After the war, he was discharged to a life of drudgery, selling women's shoes, until this new war started, and he re-enlisted right away, even getting promoted before his first 60 days back were up. This night test would see how this mid-sized beast (he'd heard someone call it '20 pounds of crap in a 10 pound sack') would do, whether it lived up to it's expectations, especially the gyro and night-sight.

Swinton thought to himself “Here we go” as he started up the tank and peeped up through the night-sight in his periscope, looking at all the blobs in shades of red in the infra-red spectrum, before switching to light-amplification mode, where all the shapes were clearer, but cast in an eerie greenish light. As his eyes quickly adjusted to the greenish hues of the night-sight, he was able to drive the tank as smoothly as if it were daylight. As they reach their first target area, he felt the tank moving through a 30° slope, and he heard the hydraulic-electric servomotor of the turret moving while they were on the move, then heard the deafening CRACK-BOOM of the main gun, and a splash of exploded earth, then another CRACK-BOOM, followed by a KA-BOOOOOM! of a direct hit. This was all accomplished while the tank was still moving. To Swinton, it was a resounding success. He had never heard of a tank, except when it was handled by no less than a veteran crew and gunner, able to drive nearly flawlessly in the dark, let alone be able to fire on and hit it's targets dead-on, all in the dark. It was nothing short of amazing.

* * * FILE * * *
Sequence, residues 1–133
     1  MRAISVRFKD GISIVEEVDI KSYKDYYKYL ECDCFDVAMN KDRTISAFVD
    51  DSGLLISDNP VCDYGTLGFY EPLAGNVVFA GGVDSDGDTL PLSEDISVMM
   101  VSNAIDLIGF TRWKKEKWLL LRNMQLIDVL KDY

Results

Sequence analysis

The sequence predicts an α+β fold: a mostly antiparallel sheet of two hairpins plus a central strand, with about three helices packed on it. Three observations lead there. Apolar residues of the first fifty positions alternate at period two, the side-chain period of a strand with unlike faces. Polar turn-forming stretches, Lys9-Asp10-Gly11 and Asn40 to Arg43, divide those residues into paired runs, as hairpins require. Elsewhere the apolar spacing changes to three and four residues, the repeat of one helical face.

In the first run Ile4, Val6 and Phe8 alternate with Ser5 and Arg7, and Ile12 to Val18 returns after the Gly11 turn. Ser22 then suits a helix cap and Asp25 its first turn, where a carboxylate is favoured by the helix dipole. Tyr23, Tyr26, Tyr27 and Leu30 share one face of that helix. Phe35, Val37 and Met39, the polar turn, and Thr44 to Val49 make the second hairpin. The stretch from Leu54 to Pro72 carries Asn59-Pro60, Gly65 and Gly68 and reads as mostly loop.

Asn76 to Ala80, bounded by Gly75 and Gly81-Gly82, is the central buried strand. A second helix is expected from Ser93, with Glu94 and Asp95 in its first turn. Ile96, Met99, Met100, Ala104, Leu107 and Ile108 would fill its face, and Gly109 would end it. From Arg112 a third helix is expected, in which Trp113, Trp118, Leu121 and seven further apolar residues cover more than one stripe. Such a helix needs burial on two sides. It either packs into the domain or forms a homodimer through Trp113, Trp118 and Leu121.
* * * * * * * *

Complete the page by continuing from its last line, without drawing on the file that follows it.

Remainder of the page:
The five XM4G tanks of the test platoon did this all night, switching their night-sights from light-amplification to infra-red, and back again, to find their targets, and each other. Their gunnery improved with practice and the ease with which they eliminated their targets became readily apparent as the sun rose at 0657. It had been a long arduous, but they now knew that they had a tank, with some minor adjustments, that could match, or defeat, any tank that the Soviets had in their inventories. Knowing now what this new tank could do, Swinton wanted Soviet blood, and would not be satisfied, until he got it.

The Mouse in the Lion's Den by RangerElite

Far East Theater in WWIII 1946

In an abandoned Japanese military base,